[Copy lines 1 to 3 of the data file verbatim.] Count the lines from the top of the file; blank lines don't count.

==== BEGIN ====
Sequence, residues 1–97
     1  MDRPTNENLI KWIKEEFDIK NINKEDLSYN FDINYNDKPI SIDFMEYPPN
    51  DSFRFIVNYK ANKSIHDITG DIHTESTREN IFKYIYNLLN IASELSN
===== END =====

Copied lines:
Sequence, residues 1–97
     1  MDRPTNENLI KWIKEEFDIK NINKEDLSYN FDINYNDKPI SIDFMEYPPN
    51  DSFRFIVNYK ANKSIHDITG DIHTESTREN IFKYIYNLLN IASELSN